In April, TELUS launched the Data for Good program, making it possible for health authorities and qualified academic researchers to use de-identified data from TELUS Insights at no charge to measure progress and assess additional opportunities to help stop the spread of COVID-19. TELUS also provides training and ongoing support, and the program has since won a global privacy innovation award.

In the context of the COVID-19 pandemic, public health authorities are using data insights from TELUS to better understand traffic patterns — how people are moving through the city, how far they travel from their home neighbourhoods, and where they congregate. “This allows government and public health officials to measure the effectiveness of public health orders,” says Jamal. “COVID-19 has forced the government to adopt new, near real-time solutions in order to answer specific challenges related to the pandemic, such as comparing travel patterns to historic levels and where to deploy resources. It’s opened their eyes to the possibilities of how data can be used to help find solutions for other challenges.”

Leveraging the power of near real-time data to create safer communities

According to Jamal, many organizations are using survey data that in some cases is several years old to make decisions on how to spend tens of millions of dollars on infrastructure. TELUS Insights removes decision-making by assumption and replaces it with robust data that’s representative of current realities.

For example, the City of Revelstoke, BC was relying on census population data that was several years old and didn’t account for the large number of seasonal and temporary residents and visitors who draw upon city services and housing. Data provided by TELUS Insights showed that the city’s population in December 2018 peaked at 14,750 — almost double the number from the Canadian census. For the city to get this near real-time data any other way would have been both expensive and time-consuming.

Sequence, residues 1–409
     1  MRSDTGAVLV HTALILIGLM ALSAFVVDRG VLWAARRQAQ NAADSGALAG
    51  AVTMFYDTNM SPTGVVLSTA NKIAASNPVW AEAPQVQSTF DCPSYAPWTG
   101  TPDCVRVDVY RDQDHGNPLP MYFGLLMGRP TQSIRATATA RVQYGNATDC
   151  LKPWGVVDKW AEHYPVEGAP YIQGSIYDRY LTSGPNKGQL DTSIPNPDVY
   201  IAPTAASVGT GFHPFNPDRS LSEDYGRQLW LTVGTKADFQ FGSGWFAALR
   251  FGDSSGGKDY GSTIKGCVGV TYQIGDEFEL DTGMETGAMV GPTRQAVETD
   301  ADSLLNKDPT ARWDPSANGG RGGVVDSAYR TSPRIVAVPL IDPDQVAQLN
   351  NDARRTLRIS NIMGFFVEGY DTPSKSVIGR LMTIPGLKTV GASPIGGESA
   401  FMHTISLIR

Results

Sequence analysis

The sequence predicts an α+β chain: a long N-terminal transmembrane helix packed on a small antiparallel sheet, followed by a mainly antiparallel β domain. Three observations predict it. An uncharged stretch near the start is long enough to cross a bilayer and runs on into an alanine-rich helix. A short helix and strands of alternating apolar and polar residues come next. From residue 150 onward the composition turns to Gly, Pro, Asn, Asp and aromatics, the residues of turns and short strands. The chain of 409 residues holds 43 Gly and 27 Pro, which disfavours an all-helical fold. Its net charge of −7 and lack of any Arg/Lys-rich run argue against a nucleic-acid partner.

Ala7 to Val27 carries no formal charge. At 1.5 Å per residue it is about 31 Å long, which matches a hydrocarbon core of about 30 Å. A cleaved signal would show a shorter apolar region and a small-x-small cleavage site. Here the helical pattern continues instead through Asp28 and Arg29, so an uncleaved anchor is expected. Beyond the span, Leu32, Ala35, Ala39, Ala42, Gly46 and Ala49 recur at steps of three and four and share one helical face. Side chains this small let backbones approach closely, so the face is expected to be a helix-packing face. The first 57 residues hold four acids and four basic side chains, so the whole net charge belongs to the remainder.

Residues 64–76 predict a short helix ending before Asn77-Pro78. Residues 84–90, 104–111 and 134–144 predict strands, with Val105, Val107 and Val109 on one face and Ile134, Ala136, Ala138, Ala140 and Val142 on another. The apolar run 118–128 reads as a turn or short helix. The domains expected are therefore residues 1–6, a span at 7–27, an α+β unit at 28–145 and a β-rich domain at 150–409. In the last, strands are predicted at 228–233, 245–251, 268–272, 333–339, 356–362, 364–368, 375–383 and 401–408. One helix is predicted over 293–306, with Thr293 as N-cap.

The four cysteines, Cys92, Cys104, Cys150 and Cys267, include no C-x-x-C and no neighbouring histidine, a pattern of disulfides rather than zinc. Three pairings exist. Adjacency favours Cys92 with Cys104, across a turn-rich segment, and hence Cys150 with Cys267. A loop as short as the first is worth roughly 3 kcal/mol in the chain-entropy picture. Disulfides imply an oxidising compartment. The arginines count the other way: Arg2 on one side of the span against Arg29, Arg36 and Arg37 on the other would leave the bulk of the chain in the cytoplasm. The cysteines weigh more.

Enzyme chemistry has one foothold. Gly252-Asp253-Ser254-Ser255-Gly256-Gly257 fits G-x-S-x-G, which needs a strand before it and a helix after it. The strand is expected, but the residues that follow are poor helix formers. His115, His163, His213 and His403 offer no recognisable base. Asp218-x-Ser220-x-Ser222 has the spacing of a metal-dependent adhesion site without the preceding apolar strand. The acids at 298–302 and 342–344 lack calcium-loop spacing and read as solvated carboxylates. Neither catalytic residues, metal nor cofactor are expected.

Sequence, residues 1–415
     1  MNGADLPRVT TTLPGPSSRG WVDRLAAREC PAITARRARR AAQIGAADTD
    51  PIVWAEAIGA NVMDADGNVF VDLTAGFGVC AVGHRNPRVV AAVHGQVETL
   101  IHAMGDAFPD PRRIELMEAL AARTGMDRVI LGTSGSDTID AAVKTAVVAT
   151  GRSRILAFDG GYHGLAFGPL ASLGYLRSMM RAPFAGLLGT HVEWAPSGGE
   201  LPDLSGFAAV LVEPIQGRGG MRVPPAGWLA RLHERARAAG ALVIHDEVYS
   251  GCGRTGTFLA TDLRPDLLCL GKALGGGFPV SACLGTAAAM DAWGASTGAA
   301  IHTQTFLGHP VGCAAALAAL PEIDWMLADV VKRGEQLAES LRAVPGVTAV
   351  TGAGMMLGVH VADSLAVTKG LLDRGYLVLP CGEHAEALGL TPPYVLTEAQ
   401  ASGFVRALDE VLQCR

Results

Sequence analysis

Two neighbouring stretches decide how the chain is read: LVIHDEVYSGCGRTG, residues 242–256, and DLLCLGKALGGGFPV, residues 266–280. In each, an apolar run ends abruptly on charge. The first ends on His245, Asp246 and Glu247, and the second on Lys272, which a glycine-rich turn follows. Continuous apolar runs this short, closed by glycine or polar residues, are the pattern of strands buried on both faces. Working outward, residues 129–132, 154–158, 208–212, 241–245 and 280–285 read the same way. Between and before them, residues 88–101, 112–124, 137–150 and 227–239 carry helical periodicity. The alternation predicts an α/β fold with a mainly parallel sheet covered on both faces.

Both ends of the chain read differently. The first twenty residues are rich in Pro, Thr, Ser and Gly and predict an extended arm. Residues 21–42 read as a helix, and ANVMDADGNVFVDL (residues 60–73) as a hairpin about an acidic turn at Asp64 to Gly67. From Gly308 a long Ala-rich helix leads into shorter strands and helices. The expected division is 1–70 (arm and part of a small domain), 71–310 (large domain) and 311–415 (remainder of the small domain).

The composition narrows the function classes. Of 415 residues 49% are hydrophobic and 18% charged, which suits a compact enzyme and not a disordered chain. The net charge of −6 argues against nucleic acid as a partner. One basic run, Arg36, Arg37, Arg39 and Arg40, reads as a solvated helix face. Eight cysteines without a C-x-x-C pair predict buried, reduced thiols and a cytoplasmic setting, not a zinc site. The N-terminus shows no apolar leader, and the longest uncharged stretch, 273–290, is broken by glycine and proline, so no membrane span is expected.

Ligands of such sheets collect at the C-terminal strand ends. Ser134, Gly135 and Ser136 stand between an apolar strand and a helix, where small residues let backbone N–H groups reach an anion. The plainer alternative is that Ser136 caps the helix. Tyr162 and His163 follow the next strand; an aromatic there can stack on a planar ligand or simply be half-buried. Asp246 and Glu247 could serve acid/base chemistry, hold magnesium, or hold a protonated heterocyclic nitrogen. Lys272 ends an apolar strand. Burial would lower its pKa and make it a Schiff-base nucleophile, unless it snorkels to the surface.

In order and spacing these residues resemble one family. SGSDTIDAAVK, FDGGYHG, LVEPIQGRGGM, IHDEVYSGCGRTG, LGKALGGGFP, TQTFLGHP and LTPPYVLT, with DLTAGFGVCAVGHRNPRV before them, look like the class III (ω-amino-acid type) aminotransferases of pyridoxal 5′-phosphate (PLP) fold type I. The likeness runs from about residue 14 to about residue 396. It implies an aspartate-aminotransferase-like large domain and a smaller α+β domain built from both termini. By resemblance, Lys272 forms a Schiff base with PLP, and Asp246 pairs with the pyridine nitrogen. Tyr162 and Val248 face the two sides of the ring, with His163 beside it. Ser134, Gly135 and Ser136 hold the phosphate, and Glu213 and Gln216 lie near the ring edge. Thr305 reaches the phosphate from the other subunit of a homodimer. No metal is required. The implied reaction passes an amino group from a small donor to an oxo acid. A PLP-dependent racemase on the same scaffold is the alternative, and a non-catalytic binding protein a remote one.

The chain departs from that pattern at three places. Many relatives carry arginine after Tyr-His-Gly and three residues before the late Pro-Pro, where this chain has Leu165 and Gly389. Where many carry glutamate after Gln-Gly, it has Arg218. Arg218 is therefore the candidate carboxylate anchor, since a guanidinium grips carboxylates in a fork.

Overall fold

“Access to the right actionable insights plays a critical role in helping address key issues in our communities, and ultimately can help create safer, more efficient cities,” says Jamal.

By way of example, The City of Edmonton, AB wanted to measure average traffic speed through residential neighbourhoods. Instead of spending millions of dollars to place sensors around the city and monitor them, it analyzed insights from TELUS’ mobility network to create a baseline on speeds in a particular neighbourhood and then compared speeds when limits were changed. This enabled decision-makers to be more precise in its understanding of where policy changes should be made, and whether or not they were having their desired effect.

“Our clients are amazed when they see what the power of our network capability can do. And the infrastructure is already there,” says Jamal. “With robust privacy considerations and safeguards in place, data can be used for good. We’re just beginning to see the tremendous benefits that smart cities can offer to make our lives better and safer, and one of the critical enablers of this will be analyzing data in a responsible way.”